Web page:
There are a couple of ways to protect a system. You can place it in a concrete block and unplug it – figuratively, of course – or you can safeguard it as best you can and watch it very closely for changes. Private Core vCage takes the latter approach – a little complicated under the covers, but in practical use it is simplicity itself.
The idea is that you use a trusted computing environment, test it consistently (attestation) and ensure that the environment hasn’t changed. Encrypt everything – data at rest, in motion and in use – and depend on attestation to let you know if things start to go awry. Now, let’s look under the hood a bit.
AT A GLANCE
Price $495 per month for up to 20 servers for vCage Manager.
What it does Secures servers with software-based attestation, full-memory encryption and operating system hardening, providing a foundation for trusted computing.
What we liked Flexibility and the solid knowledge that the trusted system really can be trusted.
What we didn’t like Nothing. Once we wrapped our heads around what the product was doing and how it was doing it, we could recommend it unflinchingly.
There are two pieces to vCage: the manager and the optional host. The system works with Open Stack. The manager does the attestation while the host runs virtual machine images. These are special images that run using PrivateCores secure hypervisor. The host is packaged as a stateless live image. You boot the server from it and then perform attestation with the manager. If something – malware, rootkits, bootkits, for example – attempts to modify the kernel, attestation will fail and the server will be taken offline for repair.
There are a lot of benefits to this approach. First, the server becomes a trusted environment and the trust can be verified and maintained. Second, the process of determining that a threat has impacted the host is based in a trusted machine that, itself, is secure. Third, the system is based on the open source Linux KVM (kernel virtual machine) hypervisor and Open Stack. Everything – data in use, motion or at rest – is encrypted. Finally, it really does not matter if an attack is a zero-day or well-known. When it attempts to change the server OS, attestation detects it.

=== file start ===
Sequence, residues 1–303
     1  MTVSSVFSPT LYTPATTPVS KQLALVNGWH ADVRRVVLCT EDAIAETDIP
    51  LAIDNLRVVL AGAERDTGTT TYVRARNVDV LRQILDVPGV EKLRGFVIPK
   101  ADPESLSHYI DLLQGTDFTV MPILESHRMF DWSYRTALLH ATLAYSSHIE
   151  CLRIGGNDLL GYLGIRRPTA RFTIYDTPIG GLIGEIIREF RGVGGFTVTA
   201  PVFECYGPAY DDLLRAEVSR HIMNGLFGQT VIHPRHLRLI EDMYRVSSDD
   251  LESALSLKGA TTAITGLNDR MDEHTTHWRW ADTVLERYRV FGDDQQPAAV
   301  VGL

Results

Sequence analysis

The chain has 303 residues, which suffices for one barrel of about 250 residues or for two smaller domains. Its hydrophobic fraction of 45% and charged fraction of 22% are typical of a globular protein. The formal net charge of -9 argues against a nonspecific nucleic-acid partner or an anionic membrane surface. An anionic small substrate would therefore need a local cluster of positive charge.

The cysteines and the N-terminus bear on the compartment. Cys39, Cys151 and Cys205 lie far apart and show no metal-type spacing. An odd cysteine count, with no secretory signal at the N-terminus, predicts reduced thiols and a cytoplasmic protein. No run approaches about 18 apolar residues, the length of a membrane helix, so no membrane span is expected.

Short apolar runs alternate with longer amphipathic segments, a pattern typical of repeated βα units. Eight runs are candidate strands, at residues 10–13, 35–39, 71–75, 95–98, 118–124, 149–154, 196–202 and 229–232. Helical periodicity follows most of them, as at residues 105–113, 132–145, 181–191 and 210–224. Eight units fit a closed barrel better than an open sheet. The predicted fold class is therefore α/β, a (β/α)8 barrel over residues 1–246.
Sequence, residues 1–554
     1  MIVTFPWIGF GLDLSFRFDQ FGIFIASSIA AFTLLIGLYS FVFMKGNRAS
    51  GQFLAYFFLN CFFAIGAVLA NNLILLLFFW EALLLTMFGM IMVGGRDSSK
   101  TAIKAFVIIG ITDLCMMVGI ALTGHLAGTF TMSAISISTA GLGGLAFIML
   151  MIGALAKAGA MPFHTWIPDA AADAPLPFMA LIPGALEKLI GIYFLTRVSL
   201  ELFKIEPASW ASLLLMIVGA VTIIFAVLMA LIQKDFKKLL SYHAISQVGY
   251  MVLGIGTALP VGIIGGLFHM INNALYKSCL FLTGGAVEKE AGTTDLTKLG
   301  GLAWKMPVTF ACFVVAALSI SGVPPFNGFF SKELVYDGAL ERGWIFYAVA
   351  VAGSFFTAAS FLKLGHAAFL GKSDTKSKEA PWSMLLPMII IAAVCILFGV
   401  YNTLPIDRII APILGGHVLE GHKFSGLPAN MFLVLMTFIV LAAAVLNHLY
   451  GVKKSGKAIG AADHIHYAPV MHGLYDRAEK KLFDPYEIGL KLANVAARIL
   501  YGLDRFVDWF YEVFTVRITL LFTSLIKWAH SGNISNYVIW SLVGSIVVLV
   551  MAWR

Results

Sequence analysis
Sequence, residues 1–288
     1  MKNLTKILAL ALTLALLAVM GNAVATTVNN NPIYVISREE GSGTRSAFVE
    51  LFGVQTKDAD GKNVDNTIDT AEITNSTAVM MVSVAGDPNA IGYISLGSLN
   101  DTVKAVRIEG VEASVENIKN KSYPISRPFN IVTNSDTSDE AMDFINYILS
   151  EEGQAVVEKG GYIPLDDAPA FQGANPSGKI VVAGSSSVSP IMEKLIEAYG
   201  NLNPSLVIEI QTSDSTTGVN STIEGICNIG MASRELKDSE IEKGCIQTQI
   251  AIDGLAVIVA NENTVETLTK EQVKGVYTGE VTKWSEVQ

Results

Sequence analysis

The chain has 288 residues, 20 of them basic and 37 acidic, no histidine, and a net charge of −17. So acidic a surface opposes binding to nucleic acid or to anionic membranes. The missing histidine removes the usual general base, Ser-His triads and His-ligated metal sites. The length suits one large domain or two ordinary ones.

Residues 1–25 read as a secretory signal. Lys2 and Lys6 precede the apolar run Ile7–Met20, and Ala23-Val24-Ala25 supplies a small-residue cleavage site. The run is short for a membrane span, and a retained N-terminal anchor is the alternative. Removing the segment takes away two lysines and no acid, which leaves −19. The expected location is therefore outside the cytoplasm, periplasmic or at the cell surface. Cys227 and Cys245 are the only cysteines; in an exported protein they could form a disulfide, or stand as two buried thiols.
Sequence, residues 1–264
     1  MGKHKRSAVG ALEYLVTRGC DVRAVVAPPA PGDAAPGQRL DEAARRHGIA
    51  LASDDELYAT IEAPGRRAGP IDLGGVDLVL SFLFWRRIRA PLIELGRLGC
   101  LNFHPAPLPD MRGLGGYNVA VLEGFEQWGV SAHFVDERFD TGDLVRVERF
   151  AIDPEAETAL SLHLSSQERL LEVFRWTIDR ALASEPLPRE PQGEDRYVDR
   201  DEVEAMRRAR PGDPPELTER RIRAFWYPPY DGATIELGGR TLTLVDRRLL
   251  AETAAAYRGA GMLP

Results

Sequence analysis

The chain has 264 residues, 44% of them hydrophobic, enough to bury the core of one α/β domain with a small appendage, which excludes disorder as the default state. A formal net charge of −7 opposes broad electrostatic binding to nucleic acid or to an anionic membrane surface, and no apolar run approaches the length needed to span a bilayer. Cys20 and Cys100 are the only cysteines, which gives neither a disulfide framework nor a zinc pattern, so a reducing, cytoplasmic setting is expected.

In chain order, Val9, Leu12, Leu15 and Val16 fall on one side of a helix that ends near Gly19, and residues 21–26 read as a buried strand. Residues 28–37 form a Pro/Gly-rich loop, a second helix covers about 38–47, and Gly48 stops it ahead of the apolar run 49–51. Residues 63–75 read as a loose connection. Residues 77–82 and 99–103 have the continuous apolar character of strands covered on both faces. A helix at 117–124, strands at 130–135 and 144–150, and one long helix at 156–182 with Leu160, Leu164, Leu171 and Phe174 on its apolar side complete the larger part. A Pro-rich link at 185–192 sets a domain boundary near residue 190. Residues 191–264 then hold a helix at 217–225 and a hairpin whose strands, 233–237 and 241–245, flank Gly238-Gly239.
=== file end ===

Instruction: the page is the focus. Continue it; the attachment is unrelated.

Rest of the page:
When all you have is the Manager, any changes to the server’s OS will be noted in the attestation, the server comes offline pending remediation and then can be returned to service after it passes attestation from the original clean baseline.
Returning to the host for a moment, the hypervisor, as I said above, is based on the Linux open source KVM. So that means that any virtual machine that is supported by that KVM is usable on the host. But there are some hardware considerations that make this even stronger. For example, it uses Intel TXT (Trusted Execution Technology) to validate the host. It also supports Intel Xeon last-level cache and the Intel advanced encryption standard. Of course, Intel virtualization technology is necessary, but that is present in pretty much all of the current generation of Intel-based machines.
There is a lot to like about this product. It is clean to use and provides a lot of information in its reporting, which aids diagnosis of failed attestations a lot – and can be shown to be active and effective, an important reporting requirement for regulatory compliance. Pricing is attractive and the lifecycle cost turns out to be very reasonable since it is straightforward to administer and deploy. Basically, we found nothing here not to like. It takes a bit of thinking about to get the full picture of what it does and how it does it, but make the investment in time to do that and you’ll be well-rewarded in the end.